The advantage of a magneto ignition is simplicity. Everything is contained in one unit, with no need for a seperate electrical system. In the early days of VW aeroengines, a lot of agricultural and industrial engines used magnetos, so the early conversions, including the plans sold to this day, used them. Nowadays, it is virtually unheard of for commonly used engines to use seperate magnetos, and they are consequently rather scarce. Plus, they were often quite heavy. They were typically driven from the flywheel end of the engine, via gears or chains, or sometimes a direct coupling. The Ardem, Peacock, RSA and Falconar conversions are typical of this type.
Early US conversions used this type of mag, but they also used various brands of magnetos that plugged into the existing distributor hole. Vertex still makes this type of mag. This can lead to a rather awkward looking installation, as the magneto is taller, wider and heavier than the stock distrubutor, and leads to a "beauty bump" in the cowling of an enclosed engine.
Revmaster seems to have been the first to market an engine with a true aircraft magneto, initially a Bendix unit with two magnetos from a single drive, which was mounted to the flywheel end of the crank via a seperate accessory case which also included a permanent magnet alternator. Competing accessory cases from Diehl and HAPI followed this pattern, but used smaller and lighter Slick single magnetos, and this has become the most prevalent form of magneto ignition. Great Plains makes a very light magneto mount without an accessory case or alternator that is a fine setup for the lightest, simplest, hand-prop applications.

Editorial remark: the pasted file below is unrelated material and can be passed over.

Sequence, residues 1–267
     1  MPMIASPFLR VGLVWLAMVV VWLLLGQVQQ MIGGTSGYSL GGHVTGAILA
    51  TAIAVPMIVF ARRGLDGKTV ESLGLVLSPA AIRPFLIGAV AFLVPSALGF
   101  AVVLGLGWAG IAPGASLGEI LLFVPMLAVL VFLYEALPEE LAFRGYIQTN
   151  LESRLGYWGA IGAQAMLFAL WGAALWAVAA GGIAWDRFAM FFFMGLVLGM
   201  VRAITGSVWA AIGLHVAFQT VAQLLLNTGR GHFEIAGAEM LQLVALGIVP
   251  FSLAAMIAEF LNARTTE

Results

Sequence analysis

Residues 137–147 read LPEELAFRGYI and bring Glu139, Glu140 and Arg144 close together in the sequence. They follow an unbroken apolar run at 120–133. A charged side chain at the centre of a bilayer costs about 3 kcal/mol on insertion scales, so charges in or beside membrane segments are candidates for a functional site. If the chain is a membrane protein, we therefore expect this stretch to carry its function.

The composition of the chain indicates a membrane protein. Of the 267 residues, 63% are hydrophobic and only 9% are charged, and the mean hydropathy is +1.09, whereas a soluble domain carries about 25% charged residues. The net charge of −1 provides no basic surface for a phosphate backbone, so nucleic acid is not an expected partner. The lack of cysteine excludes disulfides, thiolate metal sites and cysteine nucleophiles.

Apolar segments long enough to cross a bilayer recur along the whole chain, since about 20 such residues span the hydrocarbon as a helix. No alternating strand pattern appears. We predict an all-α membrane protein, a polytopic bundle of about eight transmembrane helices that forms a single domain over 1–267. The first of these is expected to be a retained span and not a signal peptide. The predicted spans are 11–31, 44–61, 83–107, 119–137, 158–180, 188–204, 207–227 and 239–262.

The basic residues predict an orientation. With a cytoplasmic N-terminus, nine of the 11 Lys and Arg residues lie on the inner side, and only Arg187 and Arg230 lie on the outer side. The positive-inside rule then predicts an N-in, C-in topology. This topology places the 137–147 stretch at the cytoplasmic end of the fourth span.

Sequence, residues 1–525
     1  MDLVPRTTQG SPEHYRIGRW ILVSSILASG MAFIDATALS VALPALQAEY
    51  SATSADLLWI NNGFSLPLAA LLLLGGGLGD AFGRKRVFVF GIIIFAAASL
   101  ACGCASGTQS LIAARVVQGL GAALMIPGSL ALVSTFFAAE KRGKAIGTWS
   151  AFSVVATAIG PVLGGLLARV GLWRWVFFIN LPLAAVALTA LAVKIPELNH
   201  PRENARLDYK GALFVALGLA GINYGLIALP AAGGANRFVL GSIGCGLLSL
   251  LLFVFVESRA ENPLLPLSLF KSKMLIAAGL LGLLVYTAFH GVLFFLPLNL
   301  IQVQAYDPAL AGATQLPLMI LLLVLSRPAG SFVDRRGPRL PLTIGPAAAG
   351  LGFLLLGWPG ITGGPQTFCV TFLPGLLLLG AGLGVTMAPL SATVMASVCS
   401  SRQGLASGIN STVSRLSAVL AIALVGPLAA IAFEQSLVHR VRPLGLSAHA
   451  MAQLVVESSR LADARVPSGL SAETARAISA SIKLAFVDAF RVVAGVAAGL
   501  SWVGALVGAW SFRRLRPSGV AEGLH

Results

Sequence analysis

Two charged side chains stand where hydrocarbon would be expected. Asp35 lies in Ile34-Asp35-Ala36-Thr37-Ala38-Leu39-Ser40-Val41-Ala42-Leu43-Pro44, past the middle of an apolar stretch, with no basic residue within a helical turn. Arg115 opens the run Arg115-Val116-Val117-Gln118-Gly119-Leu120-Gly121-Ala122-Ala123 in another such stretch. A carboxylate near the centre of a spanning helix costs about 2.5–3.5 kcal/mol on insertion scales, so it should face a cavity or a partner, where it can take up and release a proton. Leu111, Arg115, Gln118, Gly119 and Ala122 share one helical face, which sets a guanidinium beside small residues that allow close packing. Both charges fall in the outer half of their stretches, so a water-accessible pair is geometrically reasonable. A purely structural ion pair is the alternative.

Magneto ignitions are relatively trouble free, are familar to most pilots and mechanics, but require the use of shielded aircraft plugs (or special adapters), and the harnesses and the mags themselves are relatively expensive. The spark energy also tends to be a little low, and rather narrow gaps must thus be used, which increases the possibilty of fouling when compared to other systems.
Stock Distributor/Coil Edit
The advent of the accessory case/alternator made attractive a cheap solution to the ignition problem: use the stock system. A Bosch 009 distributor, with purely centrifugal advance (other VW distributors have vacuum advance/retard, and are less suitable), and a "Blue Coil" were fitted to a great many of the early Monnett conversions - John Monnett was a great advocate of this system, and Steve Bennet of Great Plains likes it a lot as well. A cap with the leads exiting 90 degrees from the axis of the distributor is available to make a somewhat cleaner installation. This is still a viable plan, particularly with modern points replacements. This and all the following systems require some sort of electrical system in addition to the ignition components.
Stock Distributor/CDI Edit
Taking this plan on step further, using a transistor controlled capacitor instead of the properties of the coils inductance to discharge the ignition, this scheme provides a hotter spark, at the expense of some cost, complexity, and current draw.
Distributorless Electronic Ignitions Edit
The latest evolution, usually a "Waste Spark" systems that discharge two cylinders at a time. The Compufire DIS-X is the most popular VW system. The Leburg ignition is specially designed for dual ignition aviation applications. Revmaster now uses this type of system, as does AeroVee. All solid state, multiple coils, they provide a certain degree of redundancy, high reliability, and low maintenance.